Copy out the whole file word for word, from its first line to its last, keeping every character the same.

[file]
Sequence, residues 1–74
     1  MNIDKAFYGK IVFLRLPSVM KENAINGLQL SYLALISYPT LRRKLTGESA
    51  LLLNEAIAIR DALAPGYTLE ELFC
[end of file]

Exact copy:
Sequence, residues 1–74
     1  MNIDKAFYGK IVFLRLPSVM KENAINGLQL SYLALISYPT LRRKLTGESA
    51  LLLNEAIAIR DALAPGYTLE ELFC